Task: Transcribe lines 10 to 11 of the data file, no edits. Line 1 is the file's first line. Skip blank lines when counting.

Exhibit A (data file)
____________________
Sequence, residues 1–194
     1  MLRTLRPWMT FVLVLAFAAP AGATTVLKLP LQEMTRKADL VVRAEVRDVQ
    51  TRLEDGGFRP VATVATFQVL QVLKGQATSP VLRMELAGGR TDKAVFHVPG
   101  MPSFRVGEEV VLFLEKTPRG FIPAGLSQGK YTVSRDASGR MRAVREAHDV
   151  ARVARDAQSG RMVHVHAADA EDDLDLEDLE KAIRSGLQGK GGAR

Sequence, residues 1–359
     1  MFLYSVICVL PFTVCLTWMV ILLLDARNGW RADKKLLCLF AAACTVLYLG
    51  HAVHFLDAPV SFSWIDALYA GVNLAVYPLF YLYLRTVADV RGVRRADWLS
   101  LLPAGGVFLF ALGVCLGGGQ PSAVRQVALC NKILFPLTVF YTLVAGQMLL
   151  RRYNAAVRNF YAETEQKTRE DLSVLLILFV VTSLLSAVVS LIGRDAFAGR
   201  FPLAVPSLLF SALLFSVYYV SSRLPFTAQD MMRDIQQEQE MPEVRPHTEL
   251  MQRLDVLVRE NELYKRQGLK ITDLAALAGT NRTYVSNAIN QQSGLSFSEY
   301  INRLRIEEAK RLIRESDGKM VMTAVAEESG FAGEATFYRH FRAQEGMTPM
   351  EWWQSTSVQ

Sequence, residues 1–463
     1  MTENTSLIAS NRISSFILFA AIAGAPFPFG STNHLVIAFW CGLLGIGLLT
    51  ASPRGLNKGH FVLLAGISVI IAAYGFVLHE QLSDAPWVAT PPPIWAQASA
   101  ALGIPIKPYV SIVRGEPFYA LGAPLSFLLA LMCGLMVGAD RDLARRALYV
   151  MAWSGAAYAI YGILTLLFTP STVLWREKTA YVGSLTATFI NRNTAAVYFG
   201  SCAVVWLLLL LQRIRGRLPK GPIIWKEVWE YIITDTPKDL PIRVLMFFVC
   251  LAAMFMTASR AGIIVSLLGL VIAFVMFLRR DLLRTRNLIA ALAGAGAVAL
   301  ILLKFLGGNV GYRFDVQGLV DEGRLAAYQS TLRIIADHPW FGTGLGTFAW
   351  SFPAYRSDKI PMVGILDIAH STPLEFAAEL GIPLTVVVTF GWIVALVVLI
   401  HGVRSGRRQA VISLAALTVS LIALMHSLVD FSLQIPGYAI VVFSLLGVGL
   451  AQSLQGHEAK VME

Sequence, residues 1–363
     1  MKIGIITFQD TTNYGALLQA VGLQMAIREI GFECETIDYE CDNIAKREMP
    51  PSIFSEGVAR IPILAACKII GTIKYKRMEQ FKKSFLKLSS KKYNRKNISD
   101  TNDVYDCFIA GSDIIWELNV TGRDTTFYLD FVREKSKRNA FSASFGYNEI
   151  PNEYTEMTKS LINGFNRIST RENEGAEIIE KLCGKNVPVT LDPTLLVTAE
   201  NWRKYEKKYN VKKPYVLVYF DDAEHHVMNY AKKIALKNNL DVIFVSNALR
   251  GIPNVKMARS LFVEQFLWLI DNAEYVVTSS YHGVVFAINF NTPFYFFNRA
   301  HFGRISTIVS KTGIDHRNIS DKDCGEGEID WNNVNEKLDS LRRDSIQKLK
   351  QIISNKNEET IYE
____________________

   151  RRYNAAVRNF YAETEQKTRE DLSVLLILFV VTSLLSAVVS LIGRDAFAGR
   201  FPLAVPSLLF SALLFSVYYV SSRLPFTAQD MMRDIQQEQE MPEVRPHTEL